But it’s not.

At the core, this machine-driven revolution is different from the one 30+ years ago in what is focused on – data.  That’s it, as simple as it can get.  This transformation is about data.

It would be more appropriate to say it was about information (a combination of data, content, and knowledge that enables companies to solve problems better in context), but — as I said before… i-anything was already taken.

Seriously, it’s not about data only, it could never be.

Data is the representation of an event.  What happened to whom or which, when, how, and where – it’s the pieces of information you need to recreate something: a customer signed up for a newsletter (what), they received the newsletter (what, when), they opened three of the five links (what, when, which), they did a search for further information (what, how, when), they bought a product (what, how, when, where), we shipped it (what, when, where, how), they received it (what, when).

That’s all data – every piece of that.

Data does not mean much without the other two parts of information: content and knowledge.

Content is the static information we (or someone else, if we believe in communities) created that describes an entity (product, solution, use cases, manuals, etc.).  For example, the customer got a newsletter with content – information about products, services, discounts, coupons, etc. and acted on that.  The data about the newsletter being distributed and the action remains, but without the content, we would not know why the client acted and we couldn’t track specific actions they took.

And that brings the final piece: knowledge.  Knowledge, if you follow my writings, is wisdom – the applied, contextual, intent-driven use of content.

And that is where the reality of what data can do comes together — if you combine data about events with content related to that event and intent and context in the form of knowledge – what do you have? the right information, at the right time, in the right place personalized for each person, optimized for each situation, and outcome-focused.

In other ways, you have the reason your organization is trying to adopt a business transformation strategy.

Becoming Digital

Now you know what digital is and why it’s the source for business transformation this time around: even though data has been around from the beginning, it’s the leveraging of data mixed with the right content and knowledge, yielding information, that makes it the basis for this new evolution.

How do you use it?

There are two slides that I use to show my clients and people I talk to where / how / why information is to use it.  First, where does information come from?  Big Data — rather Big Noise.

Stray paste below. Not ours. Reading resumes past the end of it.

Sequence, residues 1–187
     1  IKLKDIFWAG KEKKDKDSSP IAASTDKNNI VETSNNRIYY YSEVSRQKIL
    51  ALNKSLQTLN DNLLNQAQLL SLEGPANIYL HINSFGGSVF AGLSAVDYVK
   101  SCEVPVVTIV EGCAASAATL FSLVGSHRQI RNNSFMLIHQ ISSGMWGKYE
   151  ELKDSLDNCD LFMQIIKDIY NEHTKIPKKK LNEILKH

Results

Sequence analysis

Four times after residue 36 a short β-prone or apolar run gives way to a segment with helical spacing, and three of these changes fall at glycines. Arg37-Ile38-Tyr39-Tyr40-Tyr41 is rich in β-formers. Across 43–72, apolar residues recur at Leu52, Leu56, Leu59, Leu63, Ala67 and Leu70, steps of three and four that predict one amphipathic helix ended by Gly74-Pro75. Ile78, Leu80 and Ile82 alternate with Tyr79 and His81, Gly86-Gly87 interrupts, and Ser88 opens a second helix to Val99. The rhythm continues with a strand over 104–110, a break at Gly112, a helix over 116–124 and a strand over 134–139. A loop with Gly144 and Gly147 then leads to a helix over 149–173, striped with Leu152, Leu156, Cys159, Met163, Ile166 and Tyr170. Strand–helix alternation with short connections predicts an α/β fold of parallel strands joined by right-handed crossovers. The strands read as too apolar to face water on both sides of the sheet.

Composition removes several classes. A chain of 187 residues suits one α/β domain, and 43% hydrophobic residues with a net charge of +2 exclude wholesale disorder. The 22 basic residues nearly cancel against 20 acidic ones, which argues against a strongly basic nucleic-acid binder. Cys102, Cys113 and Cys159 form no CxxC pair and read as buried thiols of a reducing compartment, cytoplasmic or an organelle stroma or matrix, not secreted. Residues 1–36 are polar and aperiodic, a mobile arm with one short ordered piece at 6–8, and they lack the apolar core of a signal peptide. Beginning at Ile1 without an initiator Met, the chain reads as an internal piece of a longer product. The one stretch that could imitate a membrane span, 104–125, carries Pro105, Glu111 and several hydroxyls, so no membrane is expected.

Check it out…

The concept of Big Data is a misnomer: how can something be “data” or be anything if we don’t even know what it is.  If one trillion IoT devices generate measurements, which ones are truly data and which ones are noise? If there are 20 millions tweets in one week mentioning your company name, product name, or someone in the company directly by name, how do you know which ones to reply to directly and which ones to safely ignore? What about corrupt or misspelled or damaged “data”? it’s not data until you structure it, until then is noise – simple.

Although the first reaction is always to store everything and “later we will figure it out” the volumes are becoming too large for that, and the need to use the data (and the speed at which data usability and usefulness decay) increases dramatically every day.  Storing for future use is no longer possible these days.  The next step is to filter the noise and create a signal.  If a plane that uses Rolls Royce engines generates over a terabyte of data per flight, and there are thousands of flights daily worldwide – which piece of “data” should be stored? used? discarded?  Filters make that decision.

Once the filters take their turn and the noise is selected as valuable, then we structure the information.  This is the decision as to what it is: data, content, or knowledge?  This is the moment the noise becomes structured and ready to be acted on.  The concept of digital transformation being about acting on unstructured data is another misnomer – how can something be acted on if we don’t know what it is? where it came from? what is used for?  once we filter the noise (create a signal) then we figure out what it is that we have, structure it, and store it in the proper place (or not, but that’s another post) and act on it.

These actions, the analytics or workflows applied to them, generate an insight – a something we did not know.  These insights are what we use to make decisions, to act, or simply to inform – via dashboards and reports.  These signals are also the components of information that will be used to power algorithms and AI components – and that will become the new filters for Big Noise.  The cycle of optimization based on what we know and what we learned is then complete and we have both insights we didn’t before, and data (and content and knowledge) stored.

Very different from simply capturing everything to figure out later what to do, no?

Being Digital

This section is the second framework I use with clients and in conversations when talking about what it takes to become a digital enterprise.  I must confess, this is not a new model – I first introduced it in 2013 – but have been working and optimizing it since.  Thanks to all of you that helped me along the way.